Q: We have a beautiful home, one that our Realtor referred to as “a shiny penny.” It has been on the market four months. People say: “It’s beautiful … but …”
We reduced the price once ($10,000), and we have sold it twice. One offer fell through because of a contingency and the other because the people got cold feet and bailed with the inspection.
We don’t think it’s the price; after all, it has sold twice. People are still coming to see it, but we think it is getting stale. Also, we have bought another home and closed on it last month.
Both my husband and I are frustrated and depressed, and it is difficult taking care of two houses. I am taking it personally, because I think I decorated it very nicely, and I see it as a rejection. Now that all the repairs have been done (at considerable cost), my husband is reluctant to lower the price further.
This situation is taking its toll, and we need a solution quickly. Our 50-plus-year blissful marriage is suffering. My husband has been maintaining the property in pristine condition, so he still has an emotional tie to it.
I, on the other hand, want to move forward with plans for the new house. I guess I’m asking you to be a marriage counselor.
Our Realtor isn’t sure if we should reduce the price or just hang in there. And what do we do with our emotions concerning the whole thing?
– B. H.
A: Your house didn’t sell twice. It failed to sell twice. You never had a willing and able buyer – your first wasn’t able, and your second wasn’t willing.
Add up what you’re losing by carrying two houses every month, and consider the possibility of going into the heating season.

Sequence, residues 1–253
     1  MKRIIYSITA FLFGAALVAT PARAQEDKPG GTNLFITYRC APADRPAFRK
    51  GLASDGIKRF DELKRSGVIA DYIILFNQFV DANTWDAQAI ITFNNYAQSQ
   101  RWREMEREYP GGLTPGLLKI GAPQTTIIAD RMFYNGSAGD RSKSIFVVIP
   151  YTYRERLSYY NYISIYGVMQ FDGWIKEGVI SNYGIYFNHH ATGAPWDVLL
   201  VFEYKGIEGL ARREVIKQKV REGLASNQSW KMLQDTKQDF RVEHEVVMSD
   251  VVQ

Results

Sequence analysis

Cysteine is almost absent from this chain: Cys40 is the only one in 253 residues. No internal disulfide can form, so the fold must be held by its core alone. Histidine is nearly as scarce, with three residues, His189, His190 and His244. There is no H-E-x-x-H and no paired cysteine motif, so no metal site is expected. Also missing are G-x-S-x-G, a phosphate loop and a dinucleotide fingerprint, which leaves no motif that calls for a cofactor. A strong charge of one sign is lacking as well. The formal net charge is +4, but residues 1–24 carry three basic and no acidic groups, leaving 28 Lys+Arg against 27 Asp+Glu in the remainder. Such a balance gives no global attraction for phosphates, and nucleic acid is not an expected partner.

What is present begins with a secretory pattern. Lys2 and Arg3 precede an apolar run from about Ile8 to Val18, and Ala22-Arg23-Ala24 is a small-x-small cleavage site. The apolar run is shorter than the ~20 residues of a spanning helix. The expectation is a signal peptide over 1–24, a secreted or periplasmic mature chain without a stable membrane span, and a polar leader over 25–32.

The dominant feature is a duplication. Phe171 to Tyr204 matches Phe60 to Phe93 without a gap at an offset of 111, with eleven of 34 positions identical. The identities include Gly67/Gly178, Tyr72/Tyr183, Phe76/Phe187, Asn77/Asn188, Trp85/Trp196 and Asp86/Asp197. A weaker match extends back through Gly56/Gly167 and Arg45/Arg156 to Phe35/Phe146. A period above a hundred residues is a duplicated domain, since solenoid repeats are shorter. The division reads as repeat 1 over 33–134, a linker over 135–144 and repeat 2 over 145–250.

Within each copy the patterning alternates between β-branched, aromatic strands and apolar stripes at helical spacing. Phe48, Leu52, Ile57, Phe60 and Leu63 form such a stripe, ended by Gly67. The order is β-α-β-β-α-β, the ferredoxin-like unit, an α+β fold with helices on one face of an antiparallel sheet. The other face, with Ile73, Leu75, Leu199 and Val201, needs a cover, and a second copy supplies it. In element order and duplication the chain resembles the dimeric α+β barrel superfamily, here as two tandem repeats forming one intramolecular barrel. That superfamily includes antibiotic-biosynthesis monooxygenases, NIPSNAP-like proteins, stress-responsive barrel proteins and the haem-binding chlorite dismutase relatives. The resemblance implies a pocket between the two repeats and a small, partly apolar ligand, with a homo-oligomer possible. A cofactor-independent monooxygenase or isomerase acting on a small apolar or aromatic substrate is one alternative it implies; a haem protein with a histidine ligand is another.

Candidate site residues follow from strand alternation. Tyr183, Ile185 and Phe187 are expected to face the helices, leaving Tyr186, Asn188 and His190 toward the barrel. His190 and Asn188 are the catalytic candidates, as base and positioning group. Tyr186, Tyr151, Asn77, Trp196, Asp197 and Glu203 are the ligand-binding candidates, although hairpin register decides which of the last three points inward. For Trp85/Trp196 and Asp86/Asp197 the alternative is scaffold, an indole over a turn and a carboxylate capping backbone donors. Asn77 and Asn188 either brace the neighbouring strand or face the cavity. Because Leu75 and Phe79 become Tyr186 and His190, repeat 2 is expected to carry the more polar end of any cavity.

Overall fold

Then treat yourselves to a luxury – to end the wear and tear on your emotions, drop your price to a bargain level as quickly as possible. Your agent will contact people who liked the house before, to share the good news, and you should see prompt results.
You may have already read my standard advice: “If you offered the house for $2, it would sell today. Somewhere between $2 and what you’re asking is a price that will do it. It doesn’t matter how much you’ve spent on it, what your husband wants, what the tax assessor finds, how much a certified appraiser might estimate, or what your Realtor suggests. Only the buying public sets value. If your house were worth what you’re asking, someone both willing and able would have bought it by now.”
Your husband’s emotions are understandable. It’s the same human feeling that keeps people hanging onto falling stock – a strong aversion to admitting a loss. But in this case, we’re not talking about a loss anyhow, except from a figure that for some reason exists in his mind. Look on a quick bargain sale as a triumph instead, a brilliant move to snatch victory, stop the extra expenses, and leave you free to enjoy your new home.
Deducting Taxes and Interest
Q: I’ve been thinking about this, and I wonder if my accountant was wrong. He told me that we could take only part of our real estate tax and part of our mortgage interest as deductions on our income tax. If I remember right, you wrote that all property taxes were deductible and all mortgage interest.
A: All property taxes and mortgage interest that you owe and you pay can be included as deductions on your tax return. That’s true except in a few instances:
If your house is a duplex, with the other unit rented, those expenses would be split and part reported elsewhere on your return. If you’re paying interest on more than a million dollars in mortgage loans, some limitations apply. If you bought last year, perhaps you can deduct for only part of the year.
Why don’t you ask your certified public accountant what his reasons were? And let me know what he says; I’m interested.
Q: We currently have a mortgage and a home equity loan. Our home should sell for about $5,000 over our mortgage. But what happens to the home equity loan if you cannot pay it off? Can you still sell – similar to a short sale?
A: Your home equity loan is really a second mortgage. If it isn’t paid off, it will remain with the property, and no buyer is likely to take the house with that debt against it. For one thing, it would usually make placing a new mortgage impossible.
Edith Lank will respond personally to any question sent to www.askedith.com.